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Restraining Orders Regarding Property in an Illinois Divorce

Posted on in Domestic Violence

DuPage County divorce attorneys, restraining ordersWhen you hear the term “restraining order,” you often think of a domestic situation where a victim goes to court to prevent an abuser from engaging in acts of violence. However, Illinois law also provides for restraining orders that relate to property in a divorce, which are used to safeguard assets during the proceedings. Without a valid order in place, one spouse may be tempted to empty bank accounts, transfer real estate, sell off certain personal items, or take other actions to impact an equitable distribution of property. An Illinois attorney can tell you more about restraining orders as they relate to property in a divorce, but some general information should be helpful.

Petition for Temporary Restraining Order

Either spouse may file a petition with the court to restrict the other from disposing of property, except where it is required in the usual course of business such as cost of living expenses. Prohibition on transferring, selling, concealing, and encumbering assets are included in this type of order. The petition must be supported by an affidavit, which is a sworn statement attesting to the facts contained in the document.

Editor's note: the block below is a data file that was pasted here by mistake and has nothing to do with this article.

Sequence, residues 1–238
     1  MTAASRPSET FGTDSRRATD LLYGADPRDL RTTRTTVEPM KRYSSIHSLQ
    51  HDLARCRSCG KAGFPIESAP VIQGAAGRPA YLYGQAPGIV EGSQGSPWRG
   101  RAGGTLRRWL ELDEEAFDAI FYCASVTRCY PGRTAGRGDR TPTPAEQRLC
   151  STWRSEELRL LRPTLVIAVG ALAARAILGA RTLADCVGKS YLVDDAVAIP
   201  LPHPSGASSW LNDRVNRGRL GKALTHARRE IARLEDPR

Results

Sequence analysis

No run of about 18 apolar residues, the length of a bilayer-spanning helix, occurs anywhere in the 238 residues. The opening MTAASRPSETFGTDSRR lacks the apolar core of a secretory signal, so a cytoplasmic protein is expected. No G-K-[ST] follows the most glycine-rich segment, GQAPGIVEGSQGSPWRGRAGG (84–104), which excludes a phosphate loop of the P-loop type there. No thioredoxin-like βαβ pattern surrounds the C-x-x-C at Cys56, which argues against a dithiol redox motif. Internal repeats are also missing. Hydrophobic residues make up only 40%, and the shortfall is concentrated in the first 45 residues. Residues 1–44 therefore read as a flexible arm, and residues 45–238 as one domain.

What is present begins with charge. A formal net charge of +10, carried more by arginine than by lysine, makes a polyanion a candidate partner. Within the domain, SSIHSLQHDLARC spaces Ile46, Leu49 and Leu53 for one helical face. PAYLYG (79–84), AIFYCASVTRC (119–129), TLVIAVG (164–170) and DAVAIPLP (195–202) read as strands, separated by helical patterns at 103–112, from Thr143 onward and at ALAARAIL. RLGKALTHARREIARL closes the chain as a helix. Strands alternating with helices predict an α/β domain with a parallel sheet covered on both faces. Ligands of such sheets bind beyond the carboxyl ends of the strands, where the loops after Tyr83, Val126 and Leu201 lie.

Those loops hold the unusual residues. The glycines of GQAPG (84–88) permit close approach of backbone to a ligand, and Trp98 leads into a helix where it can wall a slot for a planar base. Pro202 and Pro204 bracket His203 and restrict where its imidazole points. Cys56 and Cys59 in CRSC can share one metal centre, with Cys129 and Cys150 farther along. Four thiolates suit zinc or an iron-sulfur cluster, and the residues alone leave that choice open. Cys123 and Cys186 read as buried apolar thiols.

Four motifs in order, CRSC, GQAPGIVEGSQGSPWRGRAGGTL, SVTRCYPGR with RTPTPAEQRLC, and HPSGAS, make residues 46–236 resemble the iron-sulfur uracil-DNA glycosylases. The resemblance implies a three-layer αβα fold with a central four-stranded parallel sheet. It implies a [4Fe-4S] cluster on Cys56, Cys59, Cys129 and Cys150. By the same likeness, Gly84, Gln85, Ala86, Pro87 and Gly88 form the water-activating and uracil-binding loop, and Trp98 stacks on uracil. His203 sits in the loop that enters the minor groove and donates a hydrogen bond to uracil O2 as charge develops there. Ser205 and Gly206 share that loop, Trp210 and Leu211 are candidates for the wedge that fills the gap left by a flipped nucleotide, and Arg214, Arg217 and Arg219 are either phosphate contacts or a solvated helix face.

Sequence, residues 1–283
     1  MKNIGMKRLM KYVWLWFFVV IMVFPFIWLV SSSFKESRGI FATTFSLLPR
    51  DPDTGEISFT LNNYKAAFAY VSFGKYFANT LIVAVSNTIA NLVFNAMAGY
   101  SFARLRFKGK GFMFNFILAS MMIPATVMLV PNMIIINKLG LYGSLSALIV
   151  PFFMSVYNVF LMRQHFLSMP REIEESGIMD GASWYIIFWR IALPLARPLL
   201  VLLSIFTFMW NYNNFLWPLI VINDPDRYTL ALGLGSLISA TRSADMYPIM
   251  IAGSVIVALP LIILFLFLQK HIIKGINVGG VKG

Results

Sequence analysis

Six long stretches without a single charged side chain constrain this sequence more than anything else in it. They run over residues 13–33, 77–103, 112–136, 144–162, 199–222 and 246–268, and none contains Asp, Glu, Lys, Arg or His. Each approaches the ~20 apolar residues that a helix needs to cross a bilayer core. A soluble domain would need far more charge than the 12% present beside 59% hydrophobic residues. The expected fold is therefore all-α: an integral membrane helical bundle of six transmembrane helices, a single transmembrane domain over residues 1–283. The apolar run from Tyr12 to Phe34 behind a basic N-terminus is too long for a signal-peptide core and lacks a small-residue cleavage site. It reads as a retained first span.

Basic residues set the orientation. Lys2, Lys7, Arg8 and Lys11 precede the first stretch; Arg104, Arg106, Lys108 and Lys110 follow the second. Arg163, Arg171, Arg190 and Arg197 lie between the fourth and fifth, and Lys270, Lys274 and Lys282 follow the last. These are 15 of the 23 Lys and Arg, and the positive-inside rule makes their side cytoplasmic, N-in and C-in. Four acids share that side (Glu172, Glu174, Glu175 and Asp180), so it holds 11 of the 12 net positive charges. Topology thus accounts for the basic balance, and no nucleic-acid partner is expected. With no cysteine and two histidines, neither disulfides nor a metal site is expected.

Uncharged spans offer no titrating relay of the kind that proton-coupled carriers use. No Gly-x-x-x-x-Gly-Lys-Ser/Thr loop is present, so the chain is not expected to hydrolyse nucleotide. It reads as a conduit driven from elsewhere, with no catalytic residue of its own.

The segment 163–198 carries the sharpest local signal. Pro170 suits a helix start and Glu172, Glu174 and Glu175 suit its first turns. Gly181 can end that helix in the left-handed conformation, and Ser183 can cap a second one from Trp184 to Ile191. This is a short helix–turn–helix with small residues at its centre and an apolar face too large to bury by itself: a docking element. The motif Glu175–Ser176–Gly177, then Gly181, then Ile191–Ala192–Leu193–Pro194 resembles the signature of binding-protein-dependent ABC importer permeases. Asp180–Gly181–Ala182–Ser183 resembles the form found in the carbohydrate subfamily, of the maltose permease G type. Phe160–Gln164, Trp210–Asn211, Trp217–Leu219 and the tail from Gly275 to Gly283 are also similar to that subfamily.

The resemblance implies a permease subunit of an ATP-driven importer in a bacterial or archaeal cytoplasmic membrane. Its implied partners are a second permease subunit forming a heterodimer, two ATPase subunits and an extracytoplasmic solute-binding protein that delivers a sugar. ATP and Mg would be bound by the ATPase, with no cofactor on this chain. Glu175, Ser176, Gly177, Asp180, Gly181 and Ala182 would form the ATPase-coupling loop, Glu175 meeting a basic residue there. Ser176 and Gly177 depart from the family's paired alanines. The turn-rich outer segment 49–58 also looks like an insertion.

• Notice Not Required: It is not necessary for the petitioner to provide notice of the petition under certain circumstances. In the affidavit, you may allege that irreparable harm will occur if the other spouse is given notice—such as selling an asset in an irreversible transaction before you get your day in court.

  • Penalties for a Misleading Affidavit: Because it is a sworn statement, any dishonesty or misleading information provided in the affidavit is punishable under Illinois law. If you attest to inaccurate financial data—whether intentionally or through reckless disregard of the truth—penalties may include an order directing you to pay attorney’s fees to your spouse, or other consequences.

Response to the Petition

Your spouse is allowed 21 days after receiving your motion to respond to the allegations contained within the petition or affidavit, contesting the allegations and/or facts. Even once the court issues a temporary restraining order regarding property, the order is subject to change as your divorce case proceeds.

Consult with an Illinois Divorce Attorney About Restraining Orders

In a divorce case, one spouse may act out of spite in selling off marital assets, whether to cause an equitable division of property or to impact a spousal support order. Restraining orders related to property are intended to prevent this type of situation, and severe penalties may result from non-compliance. If your spouse has transferred property or you believe there is a risk, please contact Davi Law Group, LLC right away. Our passionate DuPage County divorce attorneys can assist you with a Petition for a Temporary Restraining Order to ensure protection of your assets and other divorce-related matters.


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